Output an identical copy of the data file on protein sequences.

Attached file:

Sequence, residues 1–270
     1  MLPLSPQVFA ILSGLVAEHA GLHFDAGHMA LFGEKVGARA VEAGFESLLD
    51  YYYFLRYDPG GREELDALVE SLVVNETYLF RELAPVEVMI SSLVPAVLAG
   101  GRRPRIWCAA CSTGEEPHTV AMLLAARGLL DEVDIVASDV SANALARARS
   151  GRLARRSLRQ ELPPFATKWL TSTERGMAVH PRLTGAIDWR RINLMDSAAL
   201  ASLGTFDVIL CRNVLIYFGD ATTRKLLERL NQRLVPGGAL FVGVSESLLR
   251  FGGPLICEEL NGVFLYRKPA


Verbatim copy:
Sequence, residues 1–270
     1  MLPLSPQVFA ILSGLVAEHA GLHFDAGHMA LFGEKVGARA VEAGFESLLD
    51  YYYFLRYDPG GREELDALVE SLVVNETYLF RELAPVEVMI SSLVPAVLAG
   101  GRRPRIWCAA CSTGEEPHTV AMLLAARGLL DEVDIVASDV SANALARARS
   151  GRLARRSLRQ ELPPFATKWL TSTERGMAVH PRLTGAIDWR RINLMDSAAL
   201  ASLGTFDVIL CRNVLIYFGD ATTRKLLERL NQRLVPGGAL FVGVSESLLR
   251  FGGPLICEEL NGVFLYRKPA